young adult • paranormal • mystery • thriller
Each of us had our own monster, distinct to us. We were all different, on girl to the next, like snowflakes.
The Walls Around Us is a ghostly story of suspense told in two voices—one still living and one long dead. On the outside, there’s Violet, an eighteen-year-old dancer days away from the life of her dreams when something threatens to expose the shocking truth of her achievement. On the inside, within the walls of a girls’ juvenile detention center, there’s Amber, locked up for so long she can’t imagine freedom. Tying these two worlds together is Orianna, who holds the key to unlocking all the girls’ darkest mysteries.
We hear Amber’s story and Violet’s, and through them Orianna’s, first from one angle, then from another, until gradually we begin to get the whole picture—which is not necessarily the one that either Amber or Violet wants us to see.
Nova Ren Suma tells a supernatural tale of guilt and innocence, and what happens when one is mistaken for the other.
First of all this book was UTTERLY AND UNBELIEVABLY WELL WRITTEN! I just can’t believe I’ve never read any of Suma’s book before. From the first chapter ’till the very end, the writing was so so good and beyond madness. The first chapter was one of the best I-have-to-keep-reading first chapter I’ve ever read.
The story was written in two teenagers point of view. Amber’s POV was the most interesting part to read. How she described the juvenille detention center and what the life of teenagers inside the cage was making the story really intriguing and interesting. Vee —as supposed to not be the likeable character— was probably really relatable for a teenager being bullied and lived behind the shadow of the so called “perfect” friend. Here’s the real problem, I could basically approve the fact of ghosts being something existent in this book but not Ori. I mean, really? She was just too perfect, too nice, too talented, and pretty much everyone loves her. What has Vee done that end up people hating her? We all know people would choose to hate the one that shines brighter. Than why not Ori? She’s basically just a teenager and the way the story described her with the angel-like personality bla bla unrealistic. I could probably find her more reliable if there were a point of view of hers in the story. Maybe she did has more darker side that she kept hidden inside.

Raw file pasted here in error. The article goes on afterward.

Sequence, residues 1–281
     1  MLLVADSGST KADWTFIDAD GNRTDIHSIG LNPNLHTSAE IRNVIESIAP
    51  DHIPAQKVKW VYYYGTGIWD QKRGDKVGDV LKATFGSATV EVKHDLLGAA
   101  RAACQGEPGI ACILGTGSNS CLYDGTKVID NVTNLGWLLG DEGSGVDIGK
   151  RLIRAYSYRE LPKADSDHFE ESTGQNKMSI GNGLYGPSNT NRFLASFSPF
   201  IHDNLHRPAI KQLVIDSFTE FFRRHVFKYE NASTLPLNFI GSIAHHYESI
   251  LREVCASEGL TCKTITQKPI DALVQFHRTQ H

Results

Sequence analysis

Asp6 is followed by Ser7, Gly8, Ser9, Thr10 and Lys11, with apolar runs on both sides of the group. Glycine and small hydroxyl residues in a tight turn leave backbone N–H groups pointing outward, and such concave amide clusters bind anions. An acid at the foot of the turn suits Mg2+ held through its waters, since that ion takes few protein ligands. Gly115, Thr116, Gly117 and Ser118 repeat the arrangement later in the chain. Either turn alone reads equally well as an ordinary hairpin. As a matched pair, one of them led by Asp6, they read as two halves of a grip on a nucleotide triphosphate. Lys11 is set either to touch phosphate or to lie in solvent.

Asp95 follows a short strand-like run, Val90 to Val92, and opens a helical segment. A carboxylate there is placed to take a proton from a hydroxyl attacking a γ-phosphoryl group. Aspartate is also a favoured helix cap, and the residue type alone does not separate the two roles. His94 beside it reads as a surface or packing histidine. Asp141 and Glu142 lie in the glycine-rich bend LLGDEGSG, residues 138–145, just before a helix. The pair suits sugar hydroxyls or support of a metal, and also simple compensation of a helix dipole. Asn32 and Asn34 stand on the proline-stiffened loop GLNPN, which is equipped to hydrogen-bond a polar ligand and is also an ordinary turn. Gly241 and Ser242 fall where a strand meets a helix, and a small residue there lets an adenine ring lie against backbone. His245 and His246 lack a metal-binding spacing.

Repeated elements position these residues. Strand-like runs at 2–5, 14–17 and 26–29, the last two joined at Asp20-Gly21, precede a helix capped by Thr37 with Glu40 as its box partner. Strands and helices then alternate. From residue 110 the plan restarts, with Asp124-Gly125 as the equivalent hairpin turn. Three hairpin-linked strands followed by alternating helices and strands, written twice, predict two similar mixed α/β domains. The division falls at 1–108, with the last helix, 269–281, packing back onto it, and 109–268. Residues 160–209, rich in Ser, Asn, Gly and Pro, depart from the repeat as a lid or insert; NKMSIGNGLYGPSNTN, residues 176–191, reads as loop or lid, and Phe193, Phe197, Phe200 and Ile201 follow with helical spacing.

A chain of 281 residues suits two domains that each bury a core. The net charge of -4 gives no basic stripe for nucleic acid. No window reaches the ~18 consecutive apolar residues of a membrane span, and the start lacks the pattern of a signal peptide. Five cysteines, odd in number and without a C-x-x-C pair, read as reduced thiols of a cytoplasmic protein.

The ending was also a bit off for me. The part that the plot is somewhat nonexistent is pretty much okay for me until it came to the end. This was not the best interest of what an ending should be like for me, I just found it a too rushed and out of nowhere. I was so confused for the lack of explanation and the book kind of left me hanging. I mean, was that really it? I was really disappointed with that end.
This book had done a really good job revealing the darkest part of the human mind which was portrayed in the mind of teenagers that sometimes were dominated by hatred, jealousy, rage, manipulation, and how certain things popped in our head to cope to the loneliness we felt that even the slightest things of “ifs” could brought back all the hopes that we needed to feel freedom, freedom from what caging us outside, and the inferiority we felt caging from the inside.
When a dancer finds herself onstage, before an audience, and comes upon that dreaded moment that can happen even to the best of us, when her mind empties of her choreography in a flood of panic, there are three different reactions she can have. In each one, she’s like a wild animal in the headlights, but the question is, which animal will she be tonight?